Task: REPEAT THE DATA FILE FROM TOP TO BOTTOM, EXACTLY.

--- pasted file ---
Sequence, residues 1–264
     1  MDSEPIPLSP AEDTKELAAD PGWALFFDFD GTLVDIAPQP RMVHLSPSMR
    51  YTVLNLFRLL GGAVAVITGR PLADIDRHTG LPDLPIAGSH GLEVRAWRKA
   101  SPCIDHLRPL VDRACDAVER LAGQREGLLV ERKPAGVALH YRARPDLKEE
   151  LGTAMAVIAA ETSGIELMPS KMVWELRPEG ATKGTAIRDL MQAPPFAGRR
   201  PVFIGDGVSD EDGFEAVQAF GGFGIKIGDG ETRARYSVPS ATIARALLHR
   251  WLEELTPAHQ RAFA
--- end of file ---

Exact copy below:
Sequence, residues 1–264
     1  MDSEPIPLSP AEDTKELAAD PGWALFFDFD GTLVDIAPQP RMVHLSPSMR
    51  YTVLNLFRLL GGAVAVITGR PLADIDRHTG LPDLPIAGSH GLEVRAWRKA
   101  SPCIDHLRPL VDRACDAVER LAGQREGLLV ERKPAGVALH YRARPDLKEE
   151  LGTAMAVIAA ETSGIELMPS KMVWELRPEG ATKGTAIRDL MQAPPFAGRR
   201  PVFIGDGVSD EDGFEAVQAF GGFGIKIGDG ETRARYSVPS ATIARALLHR
   251  WLEELTPAHQ RAFA